Yet yes, I’m working up to a but. Here it is: but I wish she’d gone so much further. I wish so many of these goodhearted mildly political books would go further. Onward, I mean, toward tackling questions of how to make change, which in this case would mean how to address and combat the climate crisis that threatens everyone’s future. Kingsolver ends the book on sort of a personally hopeful note for her protagonist who clings, as she must, to hope for the future her children will endure, and as you know, MSW, I’m all for hope, especially in the context of politically engaged fiction. However she offers no hint of how to avert disaster. There’s no mention, no evidence, of mass struggle, which in my view is the only way progressive change is created. There is the protagonist, and her circle of family and friends, whose eyes are opened. There are the scientists, who observe and mourn. There are the young, and some older, folks who show up to side with the endangered monarch butterflies that are at the center of the story, but they do not constitute a movement, they pose no real challenge to the capitalist profiteers who’ve created this mess.

There are books that show groups of people in motion. There are books about strikes, like Germinal by Emile Zola, one of the books on our Politerature banner, but many (most) of them are old books. I want more of these! I want new stories that address recent, current and upcoming mass struggles! I want novels about Occupy Wall Street and the Republic Windows sitdown and Justice for Janitors! Every such story will involve individuals, sure, and their family dynamics, but broaden out to show communities in motion, and, broader than that, mass numbers of individuals working together, fighting together, for justice and change. There are so many such stories waiting to be told.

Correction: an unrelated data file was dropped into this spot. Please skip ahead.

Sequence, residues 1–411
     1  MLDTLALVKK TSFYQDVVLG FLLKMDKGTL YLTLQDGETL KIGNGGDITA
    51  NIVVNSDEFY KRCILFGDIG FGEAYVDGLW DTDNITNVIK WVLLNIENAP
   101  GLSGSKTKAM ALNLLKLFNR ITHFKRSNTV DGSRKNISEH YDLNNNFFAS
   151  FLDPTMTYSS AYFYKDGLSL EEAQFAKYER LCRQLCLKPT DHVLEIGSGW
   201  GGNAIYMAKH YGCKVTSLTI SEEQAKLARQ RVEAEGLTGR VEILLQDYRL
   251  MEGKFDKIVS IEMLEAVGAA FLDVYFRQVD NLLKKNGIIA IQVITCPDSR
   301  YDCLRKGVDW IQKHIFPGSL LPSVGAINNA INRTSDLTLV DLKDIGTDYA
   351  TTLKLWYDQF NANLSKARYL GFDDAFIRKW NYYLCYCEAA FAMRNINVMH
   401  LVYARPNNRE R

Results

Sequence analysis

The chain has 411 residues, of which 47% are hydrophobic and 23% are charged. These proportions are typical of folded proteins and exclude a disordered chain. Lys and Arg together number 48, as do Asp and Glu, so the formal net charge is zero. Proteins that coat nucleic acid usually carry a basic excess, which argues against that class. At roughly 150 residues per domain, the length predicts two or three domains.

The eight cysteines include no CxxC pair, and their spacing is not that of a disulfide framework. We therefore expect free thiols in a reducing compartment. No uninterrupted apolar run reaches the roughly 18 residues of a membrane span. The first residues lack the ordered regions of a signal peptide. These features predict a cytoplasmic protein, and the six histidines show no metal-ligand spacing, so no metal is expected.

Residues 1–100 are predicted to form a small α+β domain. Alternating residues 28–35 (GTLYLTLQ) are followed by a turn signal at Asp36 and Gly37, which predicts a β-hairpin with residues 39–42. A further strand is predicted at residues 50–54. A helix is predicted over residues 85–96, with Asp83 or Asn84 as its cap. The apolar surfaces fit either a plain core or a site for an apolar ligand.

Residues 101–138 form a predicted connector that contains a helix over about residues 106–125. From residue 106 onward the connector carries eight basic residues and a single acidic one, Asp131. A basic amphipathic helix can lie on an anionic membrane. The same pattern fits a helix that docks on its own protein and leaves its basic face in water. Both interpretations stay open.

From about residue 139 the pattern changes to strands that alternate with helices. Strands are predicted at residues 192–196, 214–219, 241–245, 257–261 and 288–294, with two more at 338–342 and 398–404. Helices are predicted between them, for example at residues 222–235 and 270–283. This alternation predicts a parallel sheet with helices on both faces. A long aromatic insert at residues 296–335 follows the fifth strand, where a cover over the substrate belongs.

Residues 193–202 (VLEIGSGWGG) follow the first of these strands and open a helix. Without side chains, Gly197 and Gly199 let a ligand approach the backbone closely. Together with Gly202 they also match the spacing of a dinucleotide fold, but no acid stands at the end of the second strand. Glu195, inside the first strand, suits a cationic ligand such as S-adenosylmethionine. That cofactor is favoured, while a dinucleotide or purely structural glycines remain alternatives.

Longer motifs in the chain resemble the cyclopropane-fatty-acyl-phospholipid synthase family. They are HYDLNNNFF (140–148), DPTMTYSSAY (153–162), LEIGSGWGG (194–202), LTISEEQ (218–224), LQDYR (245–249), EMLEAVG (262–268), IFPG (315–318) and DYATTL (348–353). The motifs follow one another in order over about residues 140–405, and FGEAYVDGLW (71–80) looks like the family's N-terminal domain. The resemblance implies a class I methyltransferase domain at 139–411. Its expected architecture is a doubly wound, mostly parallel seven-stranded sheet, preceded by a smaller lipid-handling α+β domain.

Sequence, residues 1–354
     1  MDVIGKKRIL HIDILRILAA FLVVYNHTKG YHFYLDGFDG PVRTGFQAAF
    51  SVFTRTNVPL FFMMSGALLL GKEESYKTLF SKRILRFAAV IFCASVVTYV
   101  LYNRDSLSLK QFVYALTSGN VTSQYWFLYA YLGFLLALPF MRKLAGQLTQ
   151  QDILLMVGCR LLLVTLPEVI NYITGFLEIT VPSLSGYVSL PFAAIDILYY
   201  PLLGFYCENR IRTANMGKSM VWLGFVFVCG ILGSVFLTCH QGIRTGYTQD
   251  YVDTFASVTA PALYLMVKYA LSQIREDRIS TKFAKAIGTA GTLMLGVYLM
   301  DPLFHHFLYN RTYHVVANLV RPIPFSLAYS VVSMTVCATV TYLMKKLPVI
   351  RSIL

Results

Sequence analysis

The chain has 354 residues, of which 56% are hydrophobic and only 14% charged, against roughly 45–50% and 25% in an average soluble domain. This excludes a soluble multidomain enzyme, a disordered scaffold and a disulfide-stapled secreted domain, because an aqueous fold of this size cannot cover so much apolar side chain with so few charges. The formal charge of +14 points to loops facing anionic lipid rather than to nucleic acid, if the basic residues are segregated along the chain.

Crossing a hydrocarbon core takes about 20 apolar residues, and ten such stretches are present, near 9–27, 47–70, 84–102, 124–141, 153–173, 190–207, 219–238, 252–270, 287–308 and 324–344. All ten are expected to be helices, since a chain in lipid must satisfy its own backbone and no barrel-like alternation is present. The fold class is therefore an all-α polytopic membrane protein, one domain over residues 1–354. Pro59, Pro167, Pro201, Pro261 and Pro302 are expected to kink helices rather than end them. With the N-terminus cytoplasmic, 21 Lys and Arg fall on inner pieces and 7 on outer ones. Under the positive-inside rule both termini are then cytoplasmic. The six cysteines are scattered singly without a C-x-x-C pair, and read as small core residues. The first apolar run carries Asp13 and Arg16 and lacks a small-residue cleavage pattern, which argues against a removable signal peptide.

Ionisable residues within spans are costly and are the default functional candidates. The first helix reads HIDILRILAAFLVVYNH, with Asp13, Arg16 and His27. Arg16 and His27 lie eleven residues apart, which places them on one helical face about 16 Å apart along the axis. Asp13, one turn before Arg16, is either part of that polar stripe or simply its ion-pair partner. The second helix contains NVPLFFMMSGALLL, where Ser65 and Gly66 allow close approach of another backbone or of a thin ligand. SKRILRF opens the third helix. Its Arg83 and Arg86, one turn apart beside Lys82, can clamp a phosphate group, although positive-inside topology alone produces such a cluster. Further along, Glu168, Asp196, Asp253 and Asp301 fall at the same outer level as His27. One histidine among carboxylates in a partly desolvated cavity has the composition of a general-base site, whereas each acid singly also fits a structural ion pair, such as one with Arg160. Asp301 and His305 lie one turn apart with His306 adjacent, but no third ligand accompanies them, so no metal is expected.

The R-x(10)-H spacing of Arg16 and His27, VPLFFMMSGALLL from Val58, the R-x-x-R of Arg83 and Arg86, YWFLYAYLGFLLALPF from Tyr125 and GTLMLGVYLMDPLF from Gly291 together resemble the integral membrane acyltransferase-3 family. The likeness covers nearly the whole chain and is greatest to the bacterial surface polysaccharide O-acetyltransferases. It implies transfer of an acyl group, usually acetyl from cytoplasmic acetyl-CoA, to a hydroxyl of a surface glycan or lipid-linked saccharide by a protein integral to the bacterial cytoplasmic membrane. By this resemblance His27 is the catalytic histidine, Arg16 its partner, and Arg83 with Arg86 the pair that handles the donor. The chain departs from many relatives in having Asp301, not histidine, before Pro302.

The issue of who does, who can do, the telling is key. I’m glad you raised this in the first installment of our conversation. Working to feed, house, clothe yourself and your family–trying to survive–is what takes up the time and energy of most people on the planet. Who has access to education, let alone any route toward publication?


This got me all excited, SE– I take it very personally!

I’ve read and written about a lot of Barbara Kingsolver’s work but not this latest novel yet. So what I want to say won’t be directly about Flight Behavior, on which I trust your general evaluation– it all sounds positive except in the novel’s general category of being “one of these good-hearted mildly political books.”  Which makes me a little defensive, because that’s probably the best I will ever do in the politerature realm.

It leads me back to the idea that we write out of what we know. We imagine and do research, of course, but we are (I believe) always tied to who we are, where we are. The truth is, however righteously placed our hearts, however we have researched our subjects (and Kingsolver, who trained as a biologist and worked as a journalist is nothing if not meticulous in her research)– still, that the heart of realistic fiction is likely to be deeply embedded in what we have seen and how we live our personal lives.

Kingsolver, for example, spent many years traveling and doing journalism and covering labor actions. Her nonfiction book Holding The Line: Women In The Great Arizona Mine Strike  is about the 1983–1985 a strike against the Phelps Dodge Copper Corporation. Her present, however, is set in a lovely, tiny rural community in southwestern Virginia where she lives with her family.  Her husband runs a terrific restaurant that uses local produce, and her teenage daughter attended, maybe still attends, a local public school.

I once heard the poet Denise Levertov asked in public how to write political poetry, to which she answered, “You can’t, you can only live a political life, and the poetry will follow.”  I really believe that: we’ll get real strike novels when strikers and their families write novels. Of course, I can observe a strike or imagine a strike or research a strike. Kingsolver’s labor book was nonfiction– maybe that’s where the struggles for justice are being recreated literarily in the 21st century. We may not have developed our strategy for writing about these things yet.

I think, for myself, that I might someday write a novel about political struggles in public schools or something out of my experience working for racial integration in a suburban town, because that’s what I have lived experience of, but I’m not likely to write a novel of the type we’re both looking for.